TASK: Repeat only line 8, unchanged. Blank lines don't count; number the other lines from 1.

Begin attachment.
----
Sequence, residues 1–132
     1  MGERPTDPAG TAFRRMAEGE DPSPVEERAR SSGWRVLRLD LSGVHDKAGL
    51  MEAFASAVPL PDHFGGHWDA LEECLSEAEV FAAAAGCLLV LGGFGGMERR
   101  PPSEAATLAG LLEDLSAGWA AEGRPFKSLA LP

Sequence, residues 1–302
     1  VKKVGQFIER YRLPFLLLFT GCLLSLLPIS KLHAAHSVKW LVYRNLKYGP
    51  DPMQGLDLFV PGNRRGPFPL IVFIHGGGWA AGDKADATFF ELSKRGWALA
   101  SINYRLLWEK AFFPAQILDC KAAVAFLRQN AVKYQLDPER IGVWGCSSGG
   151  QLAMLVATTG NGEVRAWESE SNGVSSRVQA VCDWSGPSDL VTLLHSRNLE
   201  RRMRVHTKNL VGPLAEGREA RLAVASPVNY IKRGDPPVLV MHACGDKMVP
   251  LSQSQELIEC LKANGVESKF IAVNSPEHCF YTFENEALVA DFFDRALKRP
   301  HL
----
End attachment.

   101  SINYRLLWEK AFFPAQILDC KAAVAFLRQN AVKYQLDPER IGVWGCSSGG